Tuesday, 27 July 2010

thank goodness for knitting

I bought some Melody from Bendigo in several colours a few months ago.  It's a lovely yarn, merino, cashmere and microfibre.  This navy yarn was well into the Celtic Hearts Shawl when somehow I reversed the directions and began patterning on the wrong side.  I was interrupted with two rows left to frog and put it aside.  Of course, it hasn't been touched for weeks, so I ripped it all out.

It appears black here but is  really a rich shade of navy.  It's a very easy yarn to knit.  I'm using 5 mm Harmony circulars here for it and the pattern is showing up quite well.  Pattern is Brandywine which I have done once before.

I have done eight of the fifteen repeats after the bottom fifty-six rows.  This, of course, is still unblocked but it will be great when that is done.  I'm very happy with it.  The yarn is still available on Bendigo website but some colours have  sold out.  At $4 ball, it was good buying, particularly considering that another brand, which appears identical, is much dearer than that.  I've used that other brand and this certainly seems the same to knit.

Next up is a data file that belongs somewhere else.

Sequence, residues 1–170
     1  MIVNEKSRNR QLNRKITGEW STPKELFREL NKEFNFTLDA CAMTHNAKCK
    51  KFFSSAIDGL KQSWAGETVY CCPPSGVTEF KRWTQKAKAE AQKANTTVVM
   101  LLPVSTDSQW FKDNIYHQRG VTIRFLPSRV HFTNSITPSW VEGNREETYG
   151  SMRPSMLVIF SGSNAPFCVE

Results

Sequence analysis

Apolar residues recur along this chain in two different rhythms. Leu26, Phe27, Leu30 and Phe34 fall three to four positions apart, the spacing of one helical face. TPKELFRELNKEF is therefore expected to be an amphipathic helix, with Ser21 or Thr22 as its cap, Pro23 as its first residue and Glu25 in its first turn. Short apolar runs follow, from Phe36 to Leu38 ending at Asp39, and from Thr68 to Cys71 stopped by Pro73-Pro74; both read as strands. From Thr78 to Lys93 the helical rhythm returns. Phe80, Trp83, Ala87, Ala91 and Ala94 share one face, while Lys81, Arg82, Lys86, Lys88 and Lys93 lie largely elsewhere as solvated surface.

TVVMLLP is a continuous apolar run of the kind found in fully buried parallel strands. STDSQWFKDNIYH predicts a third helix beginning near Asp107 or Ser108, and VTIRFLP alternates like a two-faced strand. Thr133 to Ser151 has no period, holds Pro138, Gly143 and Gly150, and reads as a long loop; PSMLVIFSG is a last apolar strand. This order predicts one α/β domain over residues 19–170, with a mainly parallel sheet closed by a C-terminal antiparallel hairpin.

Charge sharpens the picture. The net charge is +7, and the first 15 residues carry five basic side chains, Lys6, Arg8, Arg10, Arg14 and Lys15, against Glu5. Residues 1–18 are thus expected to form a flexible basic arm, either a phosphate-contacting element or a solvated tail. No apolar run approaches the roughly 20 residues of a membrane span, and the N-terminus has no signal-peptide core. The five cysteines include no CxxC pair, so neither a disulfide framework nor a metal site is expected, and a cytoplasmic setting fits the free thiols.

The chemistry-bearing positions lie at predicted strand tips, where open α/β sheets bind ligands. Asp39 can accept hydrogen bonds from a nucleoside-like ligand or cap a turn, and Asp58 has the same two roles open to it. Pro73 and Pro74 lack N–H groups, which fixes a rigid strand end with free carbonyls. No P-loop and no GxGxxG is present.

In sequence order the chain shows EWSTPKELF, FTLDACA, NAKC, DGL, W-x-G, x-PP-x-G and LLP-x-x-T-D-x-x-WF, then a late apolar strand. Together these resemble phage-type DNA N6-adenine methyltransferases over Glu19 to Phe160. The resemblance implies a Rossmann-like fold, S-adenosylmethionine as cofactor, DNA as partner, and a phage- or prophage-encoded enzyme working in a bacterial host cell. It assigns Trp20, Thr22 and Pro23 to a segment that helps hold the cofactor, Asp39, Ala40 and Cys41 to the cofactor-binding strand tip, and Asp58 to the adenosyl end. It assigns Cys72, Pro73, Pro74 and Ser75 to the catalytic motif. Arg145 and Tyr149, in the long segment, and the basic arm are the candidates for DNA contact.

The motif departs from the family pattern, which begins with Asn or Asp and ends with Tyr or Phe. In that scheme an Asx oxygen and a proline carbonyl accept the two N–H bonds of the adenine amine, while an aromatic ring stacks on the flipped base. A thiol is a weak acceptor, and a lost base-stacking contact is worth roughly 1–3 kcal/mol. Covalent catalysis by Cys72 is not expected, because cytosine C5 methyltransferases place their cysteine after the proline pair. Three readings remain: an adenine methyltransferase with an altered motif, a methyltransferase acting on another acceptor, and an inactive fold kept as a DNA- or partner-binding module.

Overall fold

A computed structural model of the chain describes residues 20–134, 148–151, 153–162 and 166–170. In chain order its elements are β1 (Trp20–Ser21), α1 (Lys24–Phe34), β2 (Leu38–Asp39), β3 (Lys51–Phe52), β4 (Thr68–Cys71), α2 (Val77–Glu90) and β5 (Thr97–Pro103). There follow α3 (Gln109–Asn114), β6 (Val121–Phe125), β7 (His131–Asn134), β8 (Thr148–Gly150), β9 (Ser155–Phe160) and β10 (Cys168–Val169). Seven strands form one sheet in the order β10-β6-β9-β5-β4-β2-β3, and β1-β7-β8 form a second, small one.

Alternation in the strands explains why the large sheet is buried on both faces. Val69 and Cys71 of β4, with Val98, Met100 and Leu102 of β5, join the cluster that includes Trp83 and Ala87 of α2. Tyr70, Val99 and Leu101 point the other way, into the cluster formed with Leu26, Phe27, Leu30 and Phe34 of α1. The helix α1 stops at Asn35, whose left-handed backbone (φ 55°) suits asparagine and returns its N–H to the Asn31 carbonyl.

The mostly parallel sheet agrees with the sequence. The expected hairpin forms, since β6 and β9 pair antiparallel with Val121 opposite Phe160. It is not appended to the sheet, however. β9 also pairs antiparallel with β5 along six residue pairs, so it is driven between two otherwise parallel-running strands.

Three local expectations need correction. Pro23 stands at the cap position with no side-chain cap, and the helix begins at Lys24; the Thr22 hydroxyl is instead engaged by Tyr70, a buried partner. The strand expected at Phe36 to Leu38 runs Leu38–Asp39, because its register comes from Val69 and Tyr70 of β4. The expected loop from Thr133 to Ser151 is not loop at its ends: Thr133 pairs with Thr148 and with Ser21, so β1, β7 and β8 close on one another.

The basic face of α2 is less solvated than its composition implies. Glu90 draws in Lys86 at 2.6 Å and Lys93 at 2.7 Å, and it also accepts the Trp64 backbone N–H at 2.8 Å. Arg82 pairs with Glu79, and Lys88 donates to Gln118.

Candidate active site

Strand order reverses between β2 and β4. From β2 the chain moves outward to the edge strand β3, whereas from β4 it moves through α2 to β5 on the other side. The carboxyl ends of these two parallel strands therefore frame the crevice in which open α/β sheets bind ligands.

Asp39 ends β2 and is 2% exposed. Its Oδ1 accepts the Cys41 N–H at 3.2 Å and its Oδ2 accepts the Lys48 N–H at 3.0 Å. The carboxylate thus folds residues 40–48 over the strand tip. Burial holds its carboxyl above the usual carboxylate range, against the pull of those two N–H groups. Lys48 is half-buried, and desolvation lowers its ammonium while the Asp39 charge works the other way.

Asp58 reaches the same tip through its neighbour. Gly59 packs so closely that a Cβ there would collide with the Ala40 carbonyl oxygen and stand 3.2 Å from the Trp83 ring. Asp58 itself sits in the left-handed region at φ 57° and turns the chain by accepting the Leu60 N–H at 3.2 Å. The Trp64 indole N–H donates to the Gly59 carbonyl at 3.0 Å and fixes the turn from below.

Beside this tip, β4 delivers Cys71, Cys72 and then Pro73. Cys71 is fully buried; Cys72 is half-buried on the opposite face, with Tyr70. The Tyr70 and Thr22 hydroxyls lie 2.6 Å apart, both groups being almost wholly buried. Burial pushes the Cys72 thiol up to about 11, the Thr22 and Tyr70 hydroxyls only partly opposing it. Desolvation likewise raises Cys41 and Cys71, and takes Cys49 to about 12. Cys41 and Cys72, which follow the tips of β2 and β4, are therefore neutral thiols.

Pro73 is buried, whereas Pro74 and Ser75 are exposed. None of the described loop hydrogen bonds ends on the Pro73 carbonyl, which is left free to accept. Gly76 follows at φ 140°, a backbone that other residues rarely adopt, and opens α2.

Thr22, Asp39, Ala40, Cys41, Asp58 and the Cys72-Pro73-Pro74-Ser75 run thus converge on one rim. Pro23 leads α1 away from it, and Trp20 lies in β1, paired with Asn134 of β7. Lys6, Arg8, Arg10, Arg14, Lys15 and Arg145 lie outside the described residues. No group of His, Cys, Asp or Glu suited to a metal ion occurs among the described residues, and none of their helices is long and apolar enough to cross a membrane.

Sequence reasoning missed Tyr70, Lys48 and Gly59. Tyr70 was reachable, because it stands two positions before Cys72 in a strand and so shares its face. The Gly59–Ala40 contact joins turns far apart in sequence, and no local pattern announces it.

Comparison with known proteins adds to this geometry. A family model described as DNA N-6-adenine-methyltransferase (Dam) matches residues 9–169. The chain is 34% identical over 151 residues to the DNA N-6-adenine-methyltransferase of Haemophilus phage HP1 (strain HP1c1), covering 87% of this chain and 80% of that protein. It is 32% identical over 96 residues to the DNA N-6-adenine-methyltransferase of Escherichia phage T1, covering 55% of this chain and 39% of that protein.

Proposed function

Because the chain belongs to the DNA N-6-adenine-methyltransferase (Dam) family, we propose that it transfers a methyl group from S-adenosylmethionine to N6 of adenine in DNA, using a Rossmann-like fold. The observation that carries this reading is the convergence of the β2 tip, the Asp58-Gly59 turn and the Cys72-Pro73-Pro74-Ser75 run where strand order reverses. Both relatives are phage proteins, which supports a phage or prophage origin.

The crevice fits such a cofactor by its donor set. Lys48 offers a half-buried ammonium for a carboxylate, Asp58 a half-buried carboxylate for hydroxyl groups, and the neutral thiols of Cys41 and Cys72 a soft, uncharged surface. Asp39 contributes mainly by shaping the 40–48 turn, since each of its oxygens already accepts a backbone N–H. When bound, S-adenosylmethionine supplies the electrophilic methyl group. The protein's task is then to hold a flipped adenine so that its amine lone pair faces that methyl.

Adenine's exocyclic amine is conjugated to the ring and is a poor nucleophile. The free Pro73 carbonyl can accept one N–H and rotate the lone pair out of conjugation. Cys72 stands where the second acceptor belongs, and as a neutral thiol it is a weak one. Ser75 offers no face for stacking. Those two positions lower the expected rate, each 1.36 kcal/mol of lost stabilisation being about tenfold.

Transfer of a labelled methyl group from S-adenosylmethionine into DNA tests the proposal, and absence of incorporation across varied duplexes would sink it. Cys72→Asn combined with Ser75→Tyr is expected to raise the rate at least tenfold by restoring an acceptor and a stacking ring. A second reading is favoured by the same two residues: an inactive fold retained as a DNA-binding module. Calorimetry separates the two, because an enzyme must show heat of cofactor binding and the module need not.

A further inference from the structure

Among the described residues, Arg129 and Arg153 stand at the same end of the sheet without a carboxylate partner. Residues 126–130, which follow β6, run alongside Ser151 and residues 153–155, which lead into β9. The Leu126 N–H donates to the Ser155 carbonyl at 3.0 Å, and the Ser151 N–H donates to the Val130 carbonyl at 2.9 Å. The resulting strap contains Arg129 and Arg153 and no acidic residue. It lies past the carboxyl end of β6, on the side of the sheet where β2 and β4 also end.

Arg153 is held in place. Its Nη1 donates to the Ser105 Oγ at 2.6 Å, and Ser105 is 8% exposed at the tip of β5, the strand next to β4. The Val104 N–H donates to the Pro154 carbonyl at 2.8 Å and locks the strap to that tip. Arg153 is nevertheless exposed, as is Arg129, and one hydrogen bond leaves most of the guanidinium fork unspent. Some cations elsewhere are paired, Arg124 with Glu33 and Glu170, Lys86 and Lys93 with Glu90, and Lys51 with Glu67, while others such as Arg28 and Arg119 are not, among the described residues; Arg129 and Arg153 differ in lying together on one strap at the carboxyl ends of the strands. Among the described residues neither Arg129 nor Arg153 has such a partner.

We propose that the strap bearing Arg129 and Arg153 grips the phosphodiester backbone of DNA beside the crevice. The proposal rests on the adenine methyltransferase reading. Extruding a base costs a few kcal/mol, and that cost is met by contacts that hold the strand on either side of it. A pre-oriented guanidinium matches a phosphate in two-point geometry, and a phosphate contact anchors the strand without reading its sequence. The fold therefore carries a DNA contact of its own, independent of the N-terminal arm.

I've been very grateful for my knitting lately.  It's been great on the stressful days I've had recently particularly over the last month.  I didn't take it on court appearance days, as I wasn't sure I'd get it past security and also as I was somewhat more dressily dressed than I often am.  I did not want knitting bags etc breaking that appearance.  The Jindabyne Cowl which I did then at home was very useful.  It was good wool, almost, but not quite mindless knitting.  There was just enough patterning and counting to take my mind off other things, but not so much that I made mistakes when I was distracted.  This shawl is easy in that the patterned lace part stays the same all the time.  The increases show up in the garter stitch centre panel.

Hopefully I can soon pick up something more complicated and concentrate on moving my life forward.  I had a call from my solicitor at lunch last Friday, (today's Tuesday), that final papers were ready for me to sign.  This signing should have been done at least two weeks ago but was delayed by stupidity and also by stubbornness.  A threat that court could not only sign for him but that he may well be in contempt of court brought results.  I raced out to Penrith from Sydney, signed them.  They go to court for final preparation and seal and I'll have them back in about a week.  There's still the house to sell, and that won't be pleasant, but the end of this is in sight.